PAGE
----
US lawmakers voted Wednesday to split Iraq into a loose federation of sectarian-based regions and urged President George W Bush to press Iraqi leaders to agree. [dpa]
The proposal came from Senator Joseph Biden, the smart-ass who heads the chamber's foreign relations committee and is running for the 2008 Democratic Party presidential nomination.
A few months ago, Sen. Biden, interviewed by Shalom TV, an American mainstream Jewish cable television network, called Israel "the single greatest strength America has in the Middle East". "I am a Zionist," stated Senator Biden. "You don't have to be a Jew to be a Zionist."
We know the Israel Lobby is not a very convincing thesis, at least for Noam Chomsky. So, let’s talk about coincidences.
In 1982, Israel Shahak, a professor at Hebrew University in Jerusalem and chairman of the Israeli League for Human and Civil Rights, wrote:
The idea that all the Arab states should be broken down, by Israel, into small units, occurs again and again in Israeli strategic thinking. For example, Ze'ev Schiff, the military correspondent of Ha'aretz (and probably the most knowledgeable in Israel, on this topic) writes about the "best" that can happen for Israeli interests in Iraq: "The dissolution of Iraq into a Shi'ite state, a Sunni state and the separation of the Kurdish part" (Ha'aretz 6/2/1982). Actually, this aspect of the plan is very old.
Israel Shahak’s The Zionist Plan for the Middle East is based on Oded Yinon's A Strategy for Israel in the Nineteen Eighties, an essay originally appeared in Hebrew in KIVUNIM (Directions), A Journal for Judaism and Zionism; Issue No, 14--Winter, 5742, February 1982, Editor: Yoram Beck. Editorial Committee: Eli Eyal, Yoram Beck, Amnon Hadari, Yohanan Manor, Elieser Schweid. Published by the Department of Publicity/The World Zionist Organization, Jerusalem.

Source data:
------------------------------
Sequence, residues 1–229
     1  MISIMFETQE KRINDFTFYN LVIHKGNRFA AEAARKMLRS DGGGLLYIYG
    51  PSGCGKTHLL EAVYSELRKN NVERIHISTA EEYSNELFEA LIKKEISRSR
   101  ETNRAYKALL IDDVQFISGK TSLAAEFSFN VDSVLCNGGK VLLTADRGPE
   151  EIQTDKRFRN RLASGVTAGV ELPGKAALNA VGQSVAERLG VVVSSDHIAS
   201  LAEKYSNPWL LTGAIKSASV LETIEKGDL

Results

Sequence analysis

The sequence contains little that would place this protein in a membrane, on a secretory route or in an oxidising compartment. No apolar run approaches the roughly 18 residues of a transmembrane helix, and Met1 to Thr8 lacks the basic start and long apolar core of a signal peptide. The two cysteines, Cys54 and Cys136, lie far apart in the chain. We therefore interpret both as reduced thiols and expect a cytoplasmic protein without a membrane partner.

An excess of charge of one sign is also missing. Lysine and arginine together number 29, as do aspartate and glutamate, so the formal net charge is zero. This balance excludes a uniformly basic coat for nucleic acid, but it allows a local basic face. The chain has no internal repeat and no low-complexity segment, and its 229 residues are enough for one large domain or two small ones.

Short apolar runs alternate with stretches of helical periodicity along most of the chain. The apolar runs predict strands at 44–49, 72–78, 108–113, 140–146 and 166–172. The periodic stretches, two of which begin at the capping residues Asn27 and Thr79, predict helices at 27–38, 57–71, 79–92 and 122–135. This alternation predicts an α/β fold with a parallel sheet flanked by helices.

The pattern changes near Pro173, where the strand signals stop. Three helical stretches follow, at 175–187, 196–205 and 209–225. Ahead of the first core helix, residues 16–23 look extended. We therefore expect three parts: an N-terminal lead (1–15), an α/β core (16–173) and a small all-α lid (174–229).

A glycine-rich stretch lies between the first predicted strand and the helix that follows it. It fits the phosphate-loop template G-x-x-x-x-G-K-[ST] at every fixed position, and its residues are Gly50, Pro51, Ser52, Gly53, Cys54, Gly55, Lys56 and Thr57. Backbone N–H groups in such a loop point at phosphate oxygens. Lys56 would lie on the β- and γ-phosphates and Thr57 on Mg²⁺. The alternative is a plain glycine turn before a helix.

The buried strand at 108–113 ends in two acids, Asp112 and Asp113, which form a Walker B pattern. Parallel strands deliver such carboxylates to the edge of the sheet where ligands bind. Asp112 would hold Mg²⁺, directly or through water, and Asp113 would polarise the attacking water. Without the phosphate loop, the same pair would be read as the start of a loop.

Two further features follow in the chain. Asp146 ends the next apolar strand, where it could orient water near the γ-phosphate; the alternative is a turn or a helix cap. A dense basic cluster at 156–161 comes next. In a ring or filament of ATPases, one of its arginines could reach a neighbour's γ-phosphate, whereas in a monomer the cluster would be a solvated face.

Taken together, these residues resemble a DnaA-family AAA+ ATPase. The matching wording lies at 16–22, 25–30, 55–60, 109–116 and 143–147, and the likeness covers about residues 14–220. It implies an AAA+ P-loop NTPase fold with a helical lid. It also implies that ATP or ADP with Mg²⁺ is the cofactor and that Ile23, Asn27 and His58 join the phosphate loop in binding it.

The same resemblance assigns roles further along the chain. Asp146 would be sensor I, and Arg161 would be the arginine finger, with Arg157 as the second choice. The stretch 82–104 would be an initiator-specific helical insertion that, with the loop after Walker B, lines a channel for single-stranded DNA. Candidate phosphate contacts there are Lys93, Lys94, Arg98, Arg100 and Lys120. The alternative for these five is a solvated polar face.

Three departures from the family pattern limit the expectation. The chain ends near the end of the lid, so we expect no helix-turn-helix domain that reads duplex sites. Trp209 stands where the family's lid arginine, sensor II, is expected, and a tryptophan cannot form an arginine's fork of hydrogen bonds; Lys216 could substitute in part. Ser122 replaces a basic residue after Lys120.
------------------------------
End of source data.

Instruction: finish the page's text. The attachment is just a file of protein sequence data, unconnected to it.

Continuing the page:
Here two passages from Oded Yinon’s A Strategy for Israel in the Nineteen Eighties:
(…) Iraq is, once again, no different in essence from its neighbors, although its majority is Shi'ite and the ruling minority Sunni. Sixty-five percent of the population has no say in politics, in which an elite of 20 percent holds the power. In addition there is a large Kurdish minority in the north, and if it weren't for the strength of the ruling regime, the army and the oil revenues, Iraq's future state would be no different than that of Lebanon in the past or of Syria today. The seeds of inner conflict and civil war are apparent today already, especially after the rise of Khomeini to power in Iran, a leader whom the Shi'ites in Iraq view as their natural leader. (…)
(…) Iraq, rich in oil on the one hand and internally torn on the other, is guaranteed as a candidate for Israel's targets. Its dissolution is even more important for us than that of Syria. Iraq is stronger than Syria. In the short run it is Iraqi power which constitutes the greatest threat to Israel. An Iraqi-Iranian war will tear Iraq apart and cause its downfall at home even before it is able to organize a struggle on a wide front against us. Every kind of inter-Arab confrontation will assist us in the short run and will shorten the way to the more important aim of breaking up Iraq into denominations as in Syria and in Lebanon. In Iraq, a division into provinces along ethnic/religious lines as in Syria during Ottoman times is possible. So, three (or more) states will exist around the three major cities: Basra, Baghdad and Mosul, and Shi'ite areas in the south will separate from the Sunni and Kurdish north. It is possible that the present Iranian-Iraqi confrontation will deepen this polarization (…)
Just coincidences, of course...